• More about traditional Surface Plasmon Resonance

    • Surface Plasmon Resonance is a label-free, optical biosensing technology that measures changes in refractive index close to a sensor surface. Traditional Surface Plasmon Resonance sensors consist of an electrically conducting metal film (gold) upon which the ligand of interest is immobilized. When polarized light at a defined angle (the incidence angle) hits the metal film, it excites collective oscillations of free electrons (surface plasmons), with an electromagnetic field extending beyond the metal surface. This so-called evanescent wave is used to probe the refractive index near to the sensor surface. When the immobilized ligand binds an analyte in solution, this local refractive index increases in direct proportion to the number of molecules bound to the sensor, making the refractive index shift equivalent to a change in mass. Reading out the refractive index shift by monitoring the incidence angle change allows researchers to use Surface Plasmon Resonance to determine the concentrations of interacting analytes (affinity) or to study real-time binding kinetics (association and dissociation rates) without the need to use labels.

    • SPR CX weblandscape
    • Molecular interactions are detected as changes in refractive index within an evanescent field (orange) of the surface plasmon shown as energy dips at specific incidence angle.

  • Advantages of Waveguide Interferometry over Surface Plasmon Resonance

    • Like Surface Plasmon Resonance, Waveguide Interferometry also measures changes in refractive index at a sensor surface. However, in contrast to traditional Surface Plasmon Resonance, the light in Waveguide Interferometry can travel through the entire length of the sample. This allows more binding events to contribute to the overall signal, giving Waveguide Interferometry an intrinsically higher primary sensitivity for label-free interaction analysis, especially when paired with an interferometric readout to translate the phase change of the waveguide mode into an intensity pattern. A further advantage of Waveguide Interferometry over Surface Plasmon Resonance is that the evanescent field penetrates less deep into the sample, minimizing the disturbance caused by bulk refractive index changes and increasing the signal-to-noise ratio.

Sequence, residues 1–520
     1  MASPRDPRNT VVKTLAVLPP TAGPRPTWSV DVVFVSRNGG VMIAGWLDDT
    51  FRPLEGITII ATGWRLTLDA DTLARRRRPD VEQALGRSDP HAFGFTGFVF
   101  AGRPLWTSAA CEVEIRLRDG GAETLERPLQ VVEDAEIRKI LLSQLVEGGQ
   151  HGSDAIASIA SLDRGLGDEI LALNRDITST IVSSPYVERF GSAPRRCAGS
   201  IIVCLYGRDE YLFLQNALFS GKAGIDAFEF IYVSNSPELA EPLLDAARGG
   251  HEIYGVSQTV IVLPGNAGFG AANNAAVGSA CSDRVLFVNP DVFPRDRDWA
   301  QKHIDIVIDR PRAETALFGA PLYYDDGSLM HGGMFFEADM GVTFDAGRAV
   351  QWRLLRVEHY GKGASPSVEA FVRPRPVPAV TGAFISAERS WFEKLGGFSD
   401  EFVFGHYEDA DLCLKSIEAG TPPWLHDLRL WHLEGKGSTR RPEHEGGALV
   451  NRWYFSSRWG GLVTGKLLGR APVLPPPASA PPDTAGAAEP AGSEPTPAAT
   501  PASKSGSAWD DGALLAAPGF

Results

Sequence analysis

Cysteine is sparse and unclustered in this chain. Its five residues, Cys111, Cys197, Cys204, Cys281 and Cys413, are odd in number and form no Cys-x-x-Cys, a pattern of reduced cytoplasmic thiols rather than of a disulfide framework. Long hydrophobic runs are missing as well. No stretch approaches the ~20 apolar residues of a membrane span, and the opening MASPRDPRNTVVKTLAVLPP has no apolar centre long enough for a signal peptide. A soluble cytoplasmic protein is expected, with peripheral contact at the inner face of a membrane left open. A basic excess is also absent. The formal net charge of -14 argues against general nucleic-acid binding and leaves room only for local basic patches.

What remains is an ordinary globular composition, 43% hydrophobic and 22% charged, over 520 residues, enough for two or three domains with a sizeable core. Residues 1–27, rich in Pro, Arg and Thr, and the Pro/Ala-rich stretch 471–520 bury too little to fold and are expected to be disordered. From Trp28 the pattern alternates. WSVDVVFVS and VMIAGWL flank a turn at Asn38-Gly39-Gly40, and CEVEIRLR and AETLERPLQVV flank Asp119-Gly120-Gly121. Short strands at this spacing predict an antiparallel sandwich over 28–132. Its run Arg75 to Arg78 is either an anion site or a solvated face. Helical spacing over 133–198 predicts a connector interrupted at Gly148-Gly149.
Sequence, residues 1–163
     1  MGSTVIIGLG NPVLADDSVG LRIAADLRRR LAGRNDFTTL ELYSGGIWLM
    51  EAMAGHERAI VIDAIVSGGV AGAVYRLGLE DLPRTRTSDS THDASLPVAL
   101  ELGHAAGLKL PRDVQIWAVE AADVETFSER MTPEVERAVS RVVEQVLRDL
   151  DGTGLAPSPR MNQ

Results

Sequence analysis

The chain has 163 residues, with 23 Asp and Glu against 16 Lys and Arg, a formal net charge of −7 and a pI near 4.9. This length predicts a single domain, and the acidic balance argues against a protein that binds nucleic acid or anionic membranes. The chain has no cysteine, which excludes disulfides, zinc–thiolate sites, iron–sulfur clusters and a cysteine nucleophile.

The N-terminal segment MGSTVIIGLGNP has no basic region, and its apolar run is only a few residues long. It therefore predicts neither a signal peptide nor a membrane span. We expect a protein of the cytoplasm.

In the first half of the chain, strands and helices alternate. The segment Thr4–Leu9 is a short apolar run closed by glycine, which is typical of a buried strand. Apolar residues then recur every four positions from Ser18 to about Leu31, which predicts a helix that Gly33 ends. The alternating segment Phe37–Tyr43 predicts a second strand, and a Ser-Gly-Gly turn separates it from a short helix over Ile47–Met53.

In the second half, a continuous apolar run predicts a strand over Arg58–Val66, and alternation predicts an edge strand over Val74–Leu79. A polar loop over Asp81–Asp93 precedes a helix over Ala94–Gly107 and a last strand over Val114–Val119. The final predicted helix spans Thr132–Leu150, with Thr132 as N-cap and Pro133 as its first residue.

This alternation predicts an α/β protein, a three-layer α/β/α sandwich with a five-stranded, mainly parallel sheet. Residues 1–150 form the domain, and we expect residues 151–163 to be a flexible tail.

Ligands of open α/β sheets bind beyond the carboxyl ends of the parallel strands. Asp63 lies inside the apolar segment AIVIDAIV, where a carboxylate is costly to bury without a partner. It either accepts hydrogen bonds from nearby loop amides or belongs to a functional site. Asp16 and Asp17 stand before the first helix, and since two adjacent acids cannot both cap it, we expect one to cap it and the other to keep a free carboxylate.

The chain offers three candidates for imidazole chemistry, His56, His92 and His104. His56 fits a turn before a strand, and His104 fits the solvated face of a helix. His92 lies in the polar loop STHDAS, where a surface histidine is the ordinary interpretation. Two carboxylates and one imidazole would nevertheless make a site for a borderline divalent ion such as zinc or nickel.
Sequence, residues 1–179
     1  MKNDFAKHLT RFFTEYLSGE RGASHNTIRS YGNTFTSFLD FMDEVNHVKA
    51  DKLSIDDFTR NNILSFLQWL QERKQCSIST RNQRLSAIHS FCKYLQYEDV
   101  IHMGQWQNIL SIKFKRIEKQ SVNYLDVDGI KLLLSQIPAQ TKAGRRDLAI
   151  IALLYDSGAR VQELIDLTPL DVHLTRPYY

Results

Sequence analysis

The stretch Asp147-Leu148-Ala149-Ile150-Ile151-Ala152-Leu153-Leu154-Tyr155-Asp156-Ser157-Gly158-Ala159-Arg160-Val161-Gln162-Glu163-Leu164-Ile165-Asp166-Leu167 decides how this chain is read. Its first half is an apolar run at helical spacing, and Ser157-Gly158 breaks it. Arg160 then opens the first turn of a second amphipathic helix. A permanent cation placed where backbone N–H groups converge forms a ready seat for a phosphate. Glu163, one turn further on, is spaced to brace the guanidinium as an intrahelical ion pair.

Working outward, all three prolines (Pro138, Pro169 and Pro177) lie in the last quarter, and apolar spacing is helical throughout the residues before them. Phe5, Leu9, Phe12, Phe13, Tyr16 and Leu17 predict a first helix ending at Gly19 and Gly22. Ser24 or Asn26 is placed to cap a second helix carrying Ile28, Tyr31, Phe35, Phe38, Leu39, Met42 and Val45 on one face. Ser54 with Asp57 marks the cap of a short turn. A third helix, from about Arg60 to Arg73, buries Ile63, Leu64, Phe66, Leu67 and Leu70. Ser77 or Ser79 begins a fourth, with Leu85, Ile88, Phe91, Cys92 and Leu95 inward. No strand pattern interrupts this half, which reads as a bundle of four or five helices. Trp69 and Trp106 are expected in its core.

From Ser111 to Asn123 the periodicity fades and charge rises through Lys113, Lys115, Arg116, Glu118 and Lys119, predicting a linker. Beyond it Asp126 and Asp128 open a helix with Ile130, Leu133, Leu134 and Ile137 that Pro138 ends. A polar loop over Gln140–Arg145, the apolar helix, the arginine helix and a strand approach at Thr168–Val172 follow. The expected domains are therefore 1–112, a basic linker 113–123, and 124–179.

• WI CX weblandscape
    • Molecular interactions are detected as changes in refractive index within an evanescent field (orange) causing a phase shift of the beam in the waveguide and hence an interference to a reference beam projected in parallel to a screen.

  • How is Grating-Coupled Interferometry (GCI) different from Bio-Layer Interferometry (BLI)?

    • Although both Grating-Coupled Interferometry (GCI) and Bio-Layer Interferometry (BLI) work by using interference to measure refractive index changes on a thin layer above the surface of the sensor, they are two completely different technologies. GCI, the technology used in the Creoptix WAVEsystem, measures the effect of refractive index changes on an evanescent wave generated by the light passing through the waveguide in the sensor. These refractive index changes affect the phase of the light traveling through the waveguide, and interference with a reference light beam (hence interferometry) is needed to measure the phase change reliably and precisely. In contrast, BLI analyzes the interference pattern of white light reflected from two surfaces: a layer of protein immobilized on the biosensor tip, and an internal reference layer. Any change in the number of molecules bound to the biosensor tip can cause a shift in the interference pattern that may be measured in real-time as an increase in optical thickness at the biosensor tip; this results in a wavelength shift in the interference pattern.